“Well, my dearest one, there are a couple little, tiny areas that maybe you could work on.”
“Now we’re getting somewhere, my love.”
“Sweetie pie, sometimes you don’t agree with me when you know I’m right.”
“That‘s not true, lamb chop!”
“Yes it is, dear heart! And sometimes you’re about the most stubborn person I’ve ever known.“
“But dear, that can be a positive trait. Because of my stubborness there have been times when I’ve outperformed folks who were smarter and more creative than I.”
“Yes, dear, and then there was the time when you spent all night trying to put together a bicycle for Todd.”
“Well, dumpling, I had no choice. The instructions said that it was so easy to assemble that any eight-year-old could do it. Unfortunately, there were no eight-year-olds available.”
“Dear, you’re often guilty of practicing ‘selective hearing.’ You can be in the attic and hear baseball scores broadcasted from the TV in the basement, but you swear that I didn’t tell you at least eight times to take the roast out of the oven at five o’clock. Don’t you agree that you have a problem in this area?”
“What? Sorry, my dearest. What did you say? (After a pause): Well, my little dove, you’ve given me several things to work on.”
“And sometimes, darling, you’re not very considerate. I know that old men have that prostate thing going for them, but after you use the bathroom in the middle of the night how much effort does it take to put the toilet seat back down? Have you ever sat on the toilet, expecting to rest on the seat, only to sink down into the murky waters?”
“I’ll make a note of that, sugar lips. Of course, it would be nice for me if you could put the seat back up after you’re finished.”
“That’s reminds me of another problem you have, doll baby; you don’t check first to see if the seat is up. You expect me to do everything for you!”
“OK, love of my life, I’ll get to work on improving those ’couple, tiny areas’ that we’ve discussed.”
“And dreamboat, you always must have the last word.”
“I do not, sugar.”
“Yes you do, precious.”
(Under my breath): “Do not, sweetie.”
“And , my big handsome hunk of husband, sometimes you tell me the same old jokes.”
“I call them ‘classics,’ my love.’”
“And honey, you don’t tell me enough that you love me.”
“That’s not true, my one and only! Remember last summer when we were strolling down the street? A beautiful, twenty-something gal smiled as she walked past us. Naturally, to be neighborly, I returned her smile. You accused me of preferring some young thing over you. That’s when I romantically replied: ‘Honey, I don’t want some young, shapely, sexy lady; I want you!’”
*** (Postscript): The author said that we should thank our mates for their candor. If you see my wife, or as I call her,” lovie dovie,” please thank her for me. I’d do it, but at the moment we‘re not speaking.”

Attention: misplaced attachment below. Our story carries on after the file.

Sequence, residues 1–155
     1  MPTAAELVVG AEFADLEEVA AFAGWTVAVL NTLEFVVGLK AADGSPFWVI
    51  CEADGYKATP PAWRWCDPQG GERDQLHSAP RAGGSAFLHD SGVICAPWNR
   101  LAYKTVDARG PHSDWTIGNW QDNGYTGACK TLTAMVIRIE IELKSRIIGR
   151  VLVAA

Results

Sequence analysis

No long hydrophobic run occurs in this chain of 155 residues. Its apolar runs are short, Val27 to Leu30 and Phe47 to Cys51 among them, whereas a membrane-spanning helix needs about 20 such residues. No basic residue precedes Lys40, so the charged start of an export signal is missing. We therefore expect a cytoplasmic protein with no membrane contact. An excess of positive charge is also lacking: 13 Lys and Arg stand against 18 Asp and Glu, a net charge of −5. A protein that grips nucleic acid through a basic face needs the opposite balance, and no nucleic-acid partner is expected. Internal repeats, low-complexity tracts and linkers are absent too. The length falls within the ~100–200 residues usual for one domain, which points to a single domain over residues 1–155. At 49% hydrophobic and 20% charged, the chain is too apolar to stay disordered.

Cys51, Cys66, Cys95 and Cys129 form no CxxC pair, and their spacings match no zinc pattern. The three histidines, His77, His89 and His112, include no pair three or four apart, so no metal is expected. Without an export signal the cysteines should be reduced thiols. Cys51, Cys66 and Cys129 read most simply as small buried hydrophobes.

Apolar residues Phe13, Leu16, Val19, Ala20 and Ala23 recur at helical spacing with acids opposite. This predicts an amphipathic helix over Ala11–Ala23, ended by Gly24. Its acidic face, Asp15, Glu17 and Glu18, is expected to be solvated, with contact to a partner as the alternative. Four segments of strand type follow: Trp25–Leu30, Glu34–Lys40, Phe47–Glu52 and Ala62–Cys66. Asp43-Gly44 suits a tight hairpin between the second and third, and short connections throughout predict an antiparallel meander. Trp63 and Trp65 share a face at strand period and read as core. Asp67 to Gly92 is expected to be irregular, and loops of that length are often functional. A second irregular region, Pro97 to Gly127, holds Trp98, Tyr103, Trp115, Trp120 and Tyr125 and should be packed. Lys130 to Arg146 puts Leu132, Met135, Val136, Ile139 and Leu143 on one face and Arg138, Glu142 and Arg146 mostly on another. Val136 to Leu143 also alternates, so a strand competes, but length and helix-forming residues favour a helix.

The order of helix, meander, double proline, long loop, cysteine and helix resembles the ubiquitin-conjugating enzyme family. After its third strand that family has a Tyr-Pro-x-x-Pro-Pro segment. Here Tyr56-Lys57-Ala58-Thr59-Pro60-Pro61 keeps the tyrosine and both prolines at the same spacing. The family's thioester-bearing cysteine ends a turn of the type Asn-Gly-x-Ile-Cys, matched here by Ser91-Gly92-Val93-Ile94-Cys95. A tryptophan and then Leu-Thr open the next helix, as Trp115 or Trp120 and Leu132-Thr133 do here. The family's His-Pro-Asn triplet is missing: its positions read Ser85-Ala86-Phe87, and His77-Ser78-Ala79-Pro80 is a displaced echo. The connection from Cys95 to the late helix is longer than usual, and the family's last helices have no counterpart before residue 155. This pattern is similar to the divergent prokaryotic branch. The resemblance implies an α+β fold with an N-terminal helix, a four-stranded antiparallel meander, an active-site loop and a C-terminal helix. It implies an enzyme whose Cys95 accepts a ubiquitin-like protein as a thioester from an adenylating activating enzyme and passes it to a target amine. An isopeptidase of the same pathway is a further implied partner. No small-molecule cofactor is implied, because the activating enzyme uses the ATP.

Saturday, April 6, 2013
*If you don’t think things have changed much, check out the following 1913 advertisements from a local newspaper:
Do you have a teen-aged daughter who’s giving you fits? This 1913 ad reveals the cause of her problems “Girls in their teens are often troubled with thin blood, making the complexion pale, sometimes greenish (especially if her father is Frankinstein’s monster!), the cheeks thin, the lips colorless. There is shortness of breath after the slightest exertion, a general feeling of weariness and a disinclination to study or work.” The ad continues: “Neglect at this time may result in a lifetime of misery.” (9-10-1913).
A September 20th advertisement was concerned about the kids: “A laxative today saves a sick child tomorrow. Children simply will not take the time from play to empty their bowels, which become clogged up with waste, (the) liver gets sluggish (and the ) stomach sour.”
How does one know when to give Junior this product? “Look at the tongue, mother! If coated, or your child is listless, cross, feverish, (has) bad breath, (is) restless, doesn’t eat heartily, (is) full of cold or has sore throat or any other children’s ailment…”
Are you too skinny? In 1913 there was a product to put some “meat on your bones”: “Cut out the foolish foods and funny sawdust diets (unless you’re a termite). Omit the flesh cream rub-ons. Cut out everything but the meals you are eating now…” Just take one of their pills with each meal, and in two weeks “Five to eight good solid pounds of healthy, ‘stay there’ fat should be the net result. “ (10-101913). No thanks! I already have more than enough ‘stay there’ fat.
Here’s some good news! In 1913 you could buy a new Hudson for only $2250. Remember, of course, that many folks earned less than that amount in a year of hard work! “No balking, no jerking subject to gearshift---it loses no momentum in skimming up the longest hill. Six (cylinder) is half again as powerful as four yet expends but little more fuel, each cylinder being just that much more buoyant.
“A seven passenger, electric cranking and lighted car, 54 h.p., with dimmer for big lights, deep full leather upholstery, disappearing extra seats and lines like a Greek god.” (9-6-1913).